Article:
I’ve always felt like this. I remember playing Metal Gear Solid for the first time (on the Dreamcast, interestingly enough, thanks to Bleemcast), and just wondering what the fuss was all about. I found the game thoroughly irritating with its endless monologues and boring sneaking, and gave up on it after no more than a couple of hours.

I found Deus Ex: Human Revolution similarly frustrating. Thankfully though, that game at least let you beef up your weapons to the point where by the end I pretty much ignored stealth tactics in favour of going in guns blazing. It was a similar story with Dishonored – the game gave you the option to focus on sneaking or all-out warfare, and I unfailingly chose the latter. Sure, I might start off being a bit stealthy, but by the end of a level I’d always be relying on brute force to finish off my objective.

Sadly, the brute force method is highly unreliable in Metro 2033. After about 12 attempts, I finally managed to get to Bourbon by mowing down all the guards in the way, but it was very tricky. Artyom, your character, can’t take many hits before buying the farm, so it took a long time to carefully work my way through and eliminate all the guards without dying myself.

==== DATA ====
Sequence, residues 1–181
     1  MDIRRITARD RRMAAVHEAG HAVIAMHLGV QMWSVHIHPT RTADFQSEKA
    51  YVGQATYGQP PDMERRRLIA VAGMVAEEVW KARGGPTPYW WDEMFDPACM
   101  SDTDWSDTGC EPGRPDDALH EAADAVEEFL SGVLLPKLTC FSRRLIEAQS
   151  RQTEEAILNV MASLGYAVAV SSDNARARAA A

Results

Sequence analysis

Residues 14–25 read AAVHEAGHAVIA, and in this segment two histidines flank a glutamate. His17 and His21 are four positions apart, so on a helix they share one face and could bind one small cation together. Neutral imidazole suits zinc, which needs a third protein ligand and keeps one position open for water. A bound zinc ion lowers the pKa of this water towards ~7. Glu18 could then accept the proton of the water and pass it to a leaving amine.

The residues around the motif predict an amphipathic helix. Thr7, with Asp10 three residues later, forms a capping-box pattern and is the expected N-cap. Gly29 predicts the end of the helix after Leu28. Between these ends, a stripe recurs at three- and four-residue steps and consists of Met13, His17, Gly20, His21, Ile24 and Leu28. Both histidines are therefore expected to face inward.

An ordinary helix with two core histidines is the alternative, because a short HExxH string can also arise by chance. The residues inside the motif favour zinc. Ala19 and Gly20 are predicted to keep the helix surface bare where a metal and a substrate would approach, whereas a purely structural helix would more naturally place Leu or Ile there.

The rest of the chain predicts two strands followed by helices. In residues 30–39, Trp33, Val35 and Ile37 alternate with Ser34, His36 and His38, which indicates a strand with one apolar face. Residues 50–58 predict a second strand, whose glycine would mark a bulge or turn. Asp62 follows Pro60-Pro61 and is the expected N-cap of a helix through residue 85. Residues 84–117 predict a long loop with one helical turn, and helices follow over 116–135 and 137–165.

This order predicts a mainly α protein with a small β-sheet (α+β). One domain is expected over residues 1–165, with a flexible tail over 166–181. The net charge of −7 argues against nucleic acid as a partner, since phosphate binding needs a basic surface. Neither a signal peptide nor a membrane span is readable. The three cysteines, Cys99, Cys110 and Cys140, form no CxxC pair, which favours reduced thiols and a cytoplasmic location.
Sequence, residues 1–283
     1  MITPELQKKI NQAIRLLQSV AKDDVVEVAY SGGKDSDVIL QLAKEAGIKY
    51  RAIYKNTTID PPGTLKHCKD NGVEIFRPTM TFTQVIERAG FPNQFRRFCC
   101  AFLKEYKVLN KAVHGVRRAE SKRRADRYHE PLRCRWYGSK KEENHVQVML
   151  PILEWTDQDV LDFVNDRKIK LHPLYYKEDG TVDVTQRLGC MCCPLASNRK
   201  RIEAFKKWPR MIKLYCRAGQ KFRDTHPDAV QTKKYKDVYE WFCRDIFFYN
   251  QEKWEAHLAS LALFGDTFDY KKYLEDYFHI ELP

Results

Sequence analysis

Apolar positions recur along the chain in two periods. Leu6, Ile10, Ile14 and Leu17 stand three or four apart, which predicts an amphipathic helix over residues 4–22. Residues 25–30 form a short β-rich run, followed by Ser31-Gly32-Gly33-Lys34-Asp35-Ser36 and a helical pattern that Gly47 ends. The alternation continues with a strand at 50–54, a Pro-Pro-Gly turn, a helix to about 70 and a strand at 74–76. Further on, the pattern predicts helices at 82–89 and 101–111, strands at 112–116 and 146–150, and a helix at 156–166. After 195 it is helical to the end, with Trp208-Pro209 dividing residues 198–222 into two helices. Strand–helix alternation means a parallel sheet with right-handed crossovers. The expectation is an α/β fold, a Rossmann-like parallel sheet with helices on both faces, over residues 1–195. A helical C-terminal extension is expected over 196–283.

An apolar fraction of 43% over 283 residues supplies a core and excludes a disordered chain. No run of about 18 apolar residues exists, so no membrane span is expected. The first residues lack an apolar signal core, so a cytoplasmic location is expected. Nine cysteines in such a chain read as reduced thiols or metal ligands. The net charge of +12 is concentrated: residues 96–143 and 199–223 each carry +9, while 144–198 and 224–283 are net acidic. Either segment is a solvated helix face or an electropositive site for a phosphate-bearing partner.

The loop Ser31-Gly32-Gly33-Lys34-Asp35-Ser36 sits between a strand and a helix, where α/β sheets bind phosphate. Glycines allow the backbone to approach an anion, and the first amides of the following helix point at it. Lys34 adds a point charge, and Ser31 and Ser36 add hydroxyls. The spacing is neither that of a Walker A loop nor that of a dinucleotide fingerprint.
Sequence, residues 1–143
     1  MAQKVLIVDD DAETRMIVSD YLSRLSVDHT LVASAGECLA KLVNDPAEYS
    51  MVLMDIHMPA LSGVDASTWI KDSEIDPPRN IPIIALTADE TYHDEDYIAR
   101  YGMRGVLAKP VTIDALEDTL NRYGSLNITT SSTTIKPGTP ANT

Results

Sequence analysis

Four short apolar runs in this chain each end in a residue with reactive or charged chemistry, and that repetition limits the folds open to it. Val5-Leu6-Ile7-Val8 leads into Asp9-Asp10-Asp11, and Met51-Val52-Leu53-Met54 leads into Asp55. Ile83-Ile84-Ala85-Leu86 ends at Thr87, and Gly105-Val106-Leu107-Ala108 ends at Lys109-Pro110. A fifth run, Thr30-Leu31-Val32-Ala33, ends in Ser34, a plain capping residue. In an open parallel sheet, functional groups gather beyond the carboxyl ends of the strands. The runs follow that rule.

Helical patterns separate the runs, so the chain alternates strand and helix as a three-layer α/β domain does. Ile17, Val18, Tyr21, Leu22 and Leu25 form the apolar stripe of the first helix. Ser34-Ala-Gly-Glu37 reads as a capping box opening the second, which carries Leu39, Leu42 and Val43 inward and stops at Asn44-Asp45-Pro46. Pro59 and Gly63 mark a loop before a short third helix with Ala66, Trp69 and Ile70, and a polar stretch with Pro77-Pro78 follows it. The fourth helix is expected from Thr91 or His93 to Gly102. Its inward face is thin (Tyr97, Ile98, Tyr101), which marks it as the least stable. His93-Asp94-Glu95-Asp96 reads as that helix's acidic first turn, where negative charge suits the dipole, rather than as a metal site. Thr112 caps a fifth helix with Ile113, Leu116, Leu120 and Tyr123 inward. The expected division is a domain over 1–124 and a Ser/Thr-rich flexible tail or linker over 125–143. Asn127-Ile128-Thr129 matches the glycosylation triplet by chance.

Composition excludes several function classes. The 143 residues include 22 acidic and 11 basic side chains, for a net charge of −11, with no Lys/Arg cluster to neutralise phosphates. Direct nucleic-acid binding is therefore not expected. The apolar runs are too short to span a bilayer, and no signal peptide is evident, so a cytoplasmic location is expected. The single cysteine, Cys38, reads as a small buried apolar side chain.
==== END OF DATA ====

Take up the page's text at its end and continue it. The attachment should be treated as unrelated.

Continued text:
Still, I finally did it, and the next level was a treat. One of the things I really like about this game is that it’s not just mutants you face – there’s all sorts of really weird paranormal shenanigans going on too, and no-one really knows what’s causing it. I lapped up all the bizarre phenomena, and when that ended, I found myself on the front lines of a war between Nazis and Communists.

And then there was another f***ing stealth level.

This time, the ‘non-stealth’ route was practically impossible. Faced against a legion of armoured Nazi guards with shotguns, I died continually. Eventually, enough was enough. I turned off the Xbox and vowed never to play Metro 2033 again.

It’s a real shame, because it’s a beautiful game (if you can call a post-apocalyptic subway beautiful), and it does a superb job of conjuring atmosphere. But unlike Dishonored (and to a lesser extent Deus Ex), stealth is pretty much required, rather than an option.

F***ing stealth.

I think I’ll just read the book instead.

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Celica arrived!